Former Warrington forward Tyrone McCarthy starts his new TotalRL column by looking backing on his 12 months playing in Australia…
As I was waiting to go in to surgery after a tough campaign, I was sat reflecting on what a difference a year makes.
This time last year I decided to leave my hometown club Warrington Wolves and go on to a new challenge in Australia.
It was a really tough decision, as I had so many great memories and friends at the club I had supported since a boy. In addition I didn’t really know what to expect when arriving at Northern Pride RLFC. I had only been sold the opportunity by coach Jason Demetriou, who has now been signed as an assistant by North Queensland.
Thankfully, Tony Smith and the club allowed me to continue training with the Wolves until I departed at Christmas into the heat of Aussie summer, which I am really grateful for. In my first weekend in Cairns we got together as a team to set out our goals for the season, which included being the most consistent team in the competition and taking out Queensland’s Intrust Super Cup.
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With that would come the opportunity to play the winners of the NSW Cup for the NRL state championship, which would be played on NRL Grand Final day at Sydney’s Olympic Stadium. This would be the first time the two winners have faced each other to claim the title of the best team in Australia outside the NRL.
We began our season steadily picking up our performances throughout the year, finishing as league leaders. We had to win one game to qualify for the Queensland Cup grand final against East Tigers, which was a tight 8-7 victory. We then faced the same team again in the grand final, however starting red hot we finished comfortable 36-4 winners.
So we achieved what we set out from the start of the season, to play on the day of the NRL’s showpiece event. We made our way down to Sydney via Brisbane two days before the big game against the Penrith Panthers. No one gave us a chance – all the media were talking about how good the Penrith team was and had us at 5/1 to win.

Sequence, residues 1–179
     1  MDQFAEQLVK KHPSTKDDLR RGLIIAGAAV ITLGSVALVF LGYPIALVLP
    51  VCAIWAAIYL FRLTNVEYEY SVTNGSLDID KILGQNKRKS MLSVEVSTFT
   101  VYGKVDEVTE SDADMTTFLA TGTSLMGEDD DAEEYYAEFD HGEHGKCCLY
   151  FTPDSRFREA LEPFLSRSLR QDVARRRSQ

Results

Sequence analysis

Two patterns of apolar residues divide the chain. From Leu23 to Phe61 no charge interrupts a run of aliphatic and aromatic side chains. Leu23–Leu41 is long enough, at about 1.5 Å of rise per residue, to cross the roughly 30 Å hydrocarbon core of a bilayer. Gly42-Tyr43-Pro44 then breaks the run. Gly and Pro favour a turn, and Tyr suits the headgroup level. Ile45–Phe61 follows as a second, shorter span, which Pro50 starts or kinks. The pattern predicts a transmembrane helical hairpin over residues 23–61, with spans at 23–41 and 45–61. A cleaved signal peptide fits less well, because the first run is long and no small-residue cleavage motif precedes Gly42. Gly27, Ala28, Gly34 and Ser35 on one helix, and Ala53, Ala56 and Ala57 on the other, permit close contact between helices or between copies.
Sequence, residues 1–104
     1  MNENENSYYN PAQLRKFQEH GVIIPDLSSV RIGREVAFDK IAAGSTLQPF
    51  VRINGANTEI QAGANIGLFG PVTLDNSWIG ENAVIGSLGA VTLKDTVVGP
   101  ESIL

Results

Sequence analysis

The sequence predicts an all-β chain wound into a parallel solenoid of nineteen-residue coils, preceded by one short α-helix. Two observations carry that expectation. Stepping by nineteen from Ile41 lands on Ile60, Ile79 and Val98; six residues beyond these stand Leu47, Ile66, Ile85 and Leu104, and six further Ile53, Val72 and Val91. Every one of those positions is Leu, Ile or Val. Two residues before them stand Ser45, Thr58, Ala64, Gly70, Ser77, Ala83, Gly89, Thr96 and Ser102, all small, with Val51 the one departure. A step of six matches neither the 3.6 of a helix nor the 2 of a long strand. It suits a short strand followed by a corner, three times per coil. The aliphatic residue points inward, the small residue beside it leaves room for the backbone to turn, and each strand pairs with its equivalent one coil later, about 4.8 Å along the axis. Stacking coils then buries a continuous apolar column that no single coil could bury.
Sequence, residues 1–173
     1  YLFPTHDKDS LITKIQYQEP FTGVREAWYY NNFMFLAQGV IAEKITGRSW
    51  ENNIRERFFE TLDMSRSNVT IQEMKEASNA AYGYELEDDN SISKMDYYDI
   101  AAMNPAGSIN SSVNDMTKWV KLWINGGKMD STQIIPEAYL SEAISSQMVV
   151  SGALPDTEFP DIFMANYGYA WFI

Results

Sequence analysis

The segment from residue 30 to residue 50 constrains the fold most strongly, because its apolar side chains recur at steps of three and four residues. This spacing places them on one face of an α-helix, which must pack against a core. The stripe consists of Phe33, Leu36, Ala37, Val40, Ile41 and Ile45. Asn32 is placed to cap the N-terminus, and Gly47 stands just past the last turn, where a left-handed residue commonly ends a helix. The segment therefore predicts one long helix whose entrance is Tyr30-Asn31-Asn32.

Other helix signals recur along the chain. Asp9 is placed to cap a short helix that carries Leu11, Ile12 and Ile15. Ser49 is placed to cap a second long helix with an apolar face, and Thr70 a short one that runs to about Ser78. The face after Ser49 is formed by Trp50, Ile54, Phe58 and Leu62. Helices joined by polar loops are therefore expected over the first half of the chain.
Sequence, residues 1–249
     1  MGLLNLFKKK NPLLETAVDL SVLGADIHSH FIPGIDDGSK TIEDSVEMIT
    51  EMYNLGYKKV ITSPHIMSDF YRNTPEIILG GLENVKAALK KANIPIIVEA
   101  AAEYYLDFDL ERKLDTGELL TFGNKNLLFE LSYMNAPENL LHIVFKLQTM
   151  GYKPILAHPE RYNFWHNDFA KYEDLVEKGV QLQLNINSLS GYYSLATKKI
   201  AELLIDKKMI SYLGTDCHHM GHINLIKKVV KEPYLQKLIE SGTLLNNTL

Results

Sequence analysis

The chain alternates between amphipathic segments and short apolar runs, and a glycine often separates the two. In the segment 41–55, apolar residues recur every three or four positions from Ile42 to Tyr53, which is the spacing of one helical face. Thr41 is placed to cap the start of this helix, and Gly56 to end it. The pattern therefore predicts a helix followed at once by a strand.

In all aspects this was plugged as a real David and Goliath battle, as the Panthers had several players who had turned out for their first-grade NRL side throughout the year.
However, I was quietly confident having seen what we could produce throughout the year and the never-say-die attitude of the boys. We actually enjoyed playing as the underdogs after being favourites for the majority of the season.
Similar to the Queensland Grand Final a week earlier, we shot out of the blocks and scored two early tries, although the Panthers replied with three of their own, showing the firepower in their back line.
We went into half-time tied-up at 16-16. When we came out of the sheds the stadium was starting to fill, and Penrith got back on top taking a 28-16 advantage. Somehow we clawed our way back in to the game at 28-26 and I knew we had another try in us, as we often finished strongly.
I remember pushing up on the open side, screaming for the ball as the try line opened up for me. I couldn’t believe it. The ball was perfect and I simply dove over the line, which turned out to be the match winning try.
It is a moment I will cherish forever and really capped off a memorable past 12 months in Australia.
It’s not often you get to play in front of massive crowds that size, and I am truly humbled to have played a small part in bringing success to a fantastic club whilst fulfilling my own ambitions.
Then it was time to watch the Battle of Britain – ‘Graham vs Burgess’. The whole build-up and spectacle of the grand final creates a unique buzz throughout the country.
The NRL certainly don’t hold back for their showcase event, pumping it at every opportunity, and the games don’t disappoint either.
It’s great to see the British game playing a huge part in Australia’s premier competition, and I am proud to say I was part of the 2014 NRL Grand Final day representing the club, country and people I love.